As reported over the past five years, human traffickers exploit domestic and foreign victims in Chad, and traffickers exploit Chadian victims abroad.  Families frequently entrust their children to relatives or intermediaries to receive education, apprenticeship, goods, or money; some relatives or intermediaries subsequently force or coerce children to work in domestic service or cattle herding.  Individuals associated with small- and medium-scale enterprises force children to beg in urban areas and exploit them as agricultural laborers on farms; in northern gold mines and charcoal production; and as domestic workers across the country.  Observers reported child labor trafficking in Chad is most serious in the mining sector, due to the distance of the mines from major cities, limited government presence, and the harsh climates of northern Chad.  In the Lake Chad region, community members exploit some children in catching, smoking, and selling fish.  Elders of some traditional Quranic schools known as mouhadjirin coerce children from small rural villages into begging, street vending, or other forms of labor trafficking throughout the country.  Human trafficking networks continue to target vulnerable populations using new trafficking routes from southern to northern Chad.

Cattle herders force some children to work along traditional routes for grazing cattle and, at times, cross ill-defined international borders into Cameroon, the Central African Republic (CAR), Sudan, Niger, and Nigeria.  Traffickers in rural areas sell children in markets for use in cattle or camel herding.  In some cases, military or local government officials exploit with impunity child herders in forced labor.  Additionally, experts allege officials force prisoners to work on private enterprises separate from their legal sentences.  Criminal elements exploit some rural Chadian girls who travel to larger towns in search of work in child sex trafficking or domestic servitude.  Observers report traffickers use online platforms to lure, recruit, and exploit potential trafficking victims.  According to observers, Chadian mercenaries – often operating in Libya – facilitated human trafficking.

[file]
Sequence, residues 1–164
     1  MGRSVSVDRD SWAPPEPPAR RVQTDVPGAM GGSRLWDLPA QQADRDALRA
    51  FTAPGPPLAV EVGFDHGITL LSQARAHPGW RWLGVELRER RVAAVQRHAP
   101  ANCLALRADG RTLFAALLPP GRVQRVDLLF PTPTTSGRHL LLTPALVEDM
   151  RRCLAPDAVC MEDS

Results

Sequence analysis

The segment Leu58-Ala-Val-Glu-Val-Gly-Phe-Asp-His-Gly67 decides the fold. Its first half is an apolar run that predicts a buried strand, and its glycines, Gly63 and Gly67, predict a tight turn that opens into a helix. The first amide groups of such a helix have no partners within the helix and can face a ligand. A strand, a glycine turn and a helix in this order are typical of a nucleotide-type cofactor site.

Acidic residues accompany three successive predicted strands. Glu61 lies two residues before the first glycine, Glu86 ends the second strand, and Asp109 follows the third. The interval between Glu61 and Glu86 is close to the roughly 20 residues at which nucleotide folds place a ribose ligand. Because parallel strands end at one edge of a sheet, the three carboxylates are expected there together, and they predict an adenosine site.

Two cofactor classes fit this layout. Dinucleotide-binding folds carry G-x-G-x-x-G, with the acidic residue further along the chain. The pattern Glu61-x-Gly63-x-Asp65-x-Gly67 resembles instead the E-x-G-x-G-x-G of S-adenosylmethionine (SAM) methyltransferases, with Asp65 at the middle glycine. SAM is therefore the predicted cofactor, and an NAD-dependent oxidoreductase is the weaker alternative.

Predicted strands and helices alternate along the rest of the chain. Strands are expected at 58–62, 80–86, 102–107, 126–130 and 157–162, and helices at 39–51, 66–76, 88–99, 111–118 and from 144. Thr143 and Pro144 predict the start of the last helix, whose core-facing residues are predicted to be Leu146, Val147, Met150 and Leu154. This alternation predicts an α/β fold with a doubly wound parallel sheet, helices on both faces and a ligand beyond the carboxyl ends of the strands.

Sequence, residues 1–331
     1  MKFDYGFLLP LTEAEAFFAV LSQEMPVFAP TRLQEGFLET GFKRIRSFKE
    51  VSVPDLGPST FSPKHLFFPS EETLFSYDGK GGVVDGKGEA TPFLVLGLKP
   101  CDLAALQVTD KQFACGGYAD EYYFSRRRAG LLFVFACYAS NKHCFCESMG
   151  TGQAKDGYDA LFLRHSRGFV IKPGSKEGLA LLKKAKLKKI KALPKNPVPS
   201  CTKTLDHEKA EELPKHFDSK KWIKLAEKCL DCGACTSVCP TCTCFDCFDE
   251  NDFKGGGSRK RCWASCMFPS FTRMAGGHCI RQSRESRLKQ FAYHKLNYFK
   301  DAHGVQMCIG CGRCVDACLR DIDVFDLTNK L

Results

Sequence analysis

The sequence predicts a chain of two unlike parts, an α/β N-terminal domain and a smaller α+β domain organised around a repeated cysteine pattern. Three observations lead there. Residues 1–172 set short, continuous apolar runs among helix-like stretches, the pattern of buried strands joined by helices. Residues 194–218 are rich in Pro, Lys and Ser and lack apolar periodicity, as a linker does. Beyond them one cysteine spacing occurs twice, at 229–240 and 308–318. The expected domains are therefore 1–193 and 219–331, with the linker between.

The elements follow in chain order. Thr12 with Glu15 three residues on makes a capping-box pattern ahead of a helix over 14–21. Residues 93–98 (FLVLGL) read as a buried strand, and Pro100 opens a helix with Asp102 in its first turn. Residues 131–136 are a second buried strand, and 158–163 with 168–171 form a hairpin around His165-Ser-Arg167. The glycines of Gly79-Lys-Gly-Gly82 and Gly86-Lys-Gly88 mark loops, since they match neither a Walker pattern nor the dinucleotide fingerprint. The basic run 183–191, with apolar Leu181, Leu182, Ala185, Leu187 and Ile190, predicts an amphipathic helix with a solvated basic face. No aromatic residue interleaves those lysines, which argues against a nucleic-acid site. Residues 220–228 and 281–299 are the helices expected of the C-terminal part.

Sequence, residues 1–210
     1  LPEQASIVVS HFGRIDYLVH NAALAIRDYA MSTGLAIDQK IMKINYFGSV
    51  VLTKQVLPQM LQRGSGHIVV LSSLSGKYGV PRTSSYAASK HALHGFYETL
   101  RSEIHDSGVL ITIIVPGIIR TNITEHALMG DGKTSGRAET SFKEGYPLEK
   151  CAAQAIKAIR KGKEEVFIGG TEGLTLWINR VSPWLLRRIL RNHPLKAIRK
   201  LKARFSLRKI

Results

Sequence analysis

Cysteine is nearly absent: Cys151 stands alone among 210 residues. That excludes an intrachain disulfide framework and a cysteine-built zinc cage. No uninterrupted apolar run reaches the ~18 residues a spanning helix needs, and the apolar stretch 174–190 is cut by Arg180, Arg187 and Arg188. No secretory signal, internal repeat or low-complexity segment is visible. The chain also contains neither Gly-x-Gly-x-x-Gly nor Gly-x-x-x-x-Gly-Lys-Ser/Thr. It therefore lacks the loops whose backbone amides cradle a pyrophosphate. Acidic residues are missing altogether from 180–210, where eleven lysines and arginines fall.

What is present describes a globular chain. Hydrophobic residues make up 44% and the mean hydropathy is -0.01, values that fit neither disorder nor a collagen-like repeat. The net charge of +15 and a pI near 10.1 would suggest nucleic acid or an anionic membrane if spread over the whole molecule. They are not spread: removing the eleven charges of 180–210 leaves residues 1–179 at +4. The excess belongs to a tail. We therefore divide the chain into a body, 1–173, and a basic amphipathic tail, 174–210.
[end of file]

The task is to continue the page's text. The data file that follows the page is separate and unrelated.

Chad hosts more than one million refugees, internally displaced persons, returned refugees, and asylum seekers as of December 2022; more than 101,551 Chadian returnees from CAR and the Lake Chad Basin region may be vulnerable to trafficking based on their economic instability and lack of access to support systems.  While many individuals migrating irregularly into Libya for economic reasons initially used the services of smugglers, traffickers exploit some of these undocumented migrants in sex or labor trafficking.  Community-based armed groups tasked with defending people and property in rural areas likely recruit and use children in armed conflict.  PRC nationals employed in Chad at worksites affiliated with the PRC’s Belt and Road Initiative may have been vulnerable to labor trafficking.  Cuban nationals working in Chad on medical missions may have been forced to work by the Cuban government.

U.S. Department of State